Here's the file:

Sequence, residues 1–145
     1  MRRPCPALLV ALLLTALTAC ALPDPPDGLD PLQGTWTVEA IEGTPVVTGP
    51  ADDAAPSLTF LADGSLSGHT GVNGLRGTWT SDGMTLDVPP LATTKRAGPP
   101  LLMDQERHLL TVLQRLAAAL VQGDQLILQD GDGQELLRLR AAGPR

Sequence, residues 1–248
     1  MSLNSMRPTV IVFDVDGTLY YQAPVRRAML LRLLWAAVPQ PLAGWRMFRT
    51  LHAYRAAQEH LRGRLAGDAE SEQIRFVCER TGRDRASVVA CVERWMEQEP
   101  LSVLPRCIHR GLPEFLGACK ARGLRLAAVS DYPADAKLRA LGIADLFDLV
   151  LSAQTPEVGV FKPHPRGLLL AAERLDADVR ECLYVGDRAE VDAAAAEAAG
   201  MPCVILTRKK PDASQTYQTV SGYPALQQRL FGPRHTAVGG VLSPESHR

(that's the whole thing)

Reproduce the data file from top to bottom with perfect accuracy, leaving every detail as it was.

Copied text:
Sequence, residues 1–145
     1  MRRPCPALLV ALLLTALTAC ALPDPPDGLD PLQGTWTVEA IEGTPVVTGP
    51  ADDAAPSLTF LADGSLSGHT GVNGLRGTWT SDGMTLDVPP LATTKRAGPP
   101  LLMDQERHLL TVLQRLAAAL VQGDQLILQD GDGQELLRLR AAGPR

Sequence, residues 1–248
     1  MSLNSMRPTV IVFDVDGTLY YQAPVRRAML LRLLWAAVPQ PLAGWRMFRT
    51  LHAYRAAQEH LRGRLAGDAE SEQIRFVCER TGRDRASVVA CVERWMEQEP
   101  LSVLPRCIHR GLPEFLGACK ARGLRLAAVS DYPADAKLRA LGIADLFDLV
   151  LSAQTPEVGV FKPHPRGLLL AAERLDADVR ECLYVGDRAE VDAAAAEAAG
   201  MPCVILTRKK PDASQTYQTV SGYPALQQRL FGPRHTAVGG VLSPESHR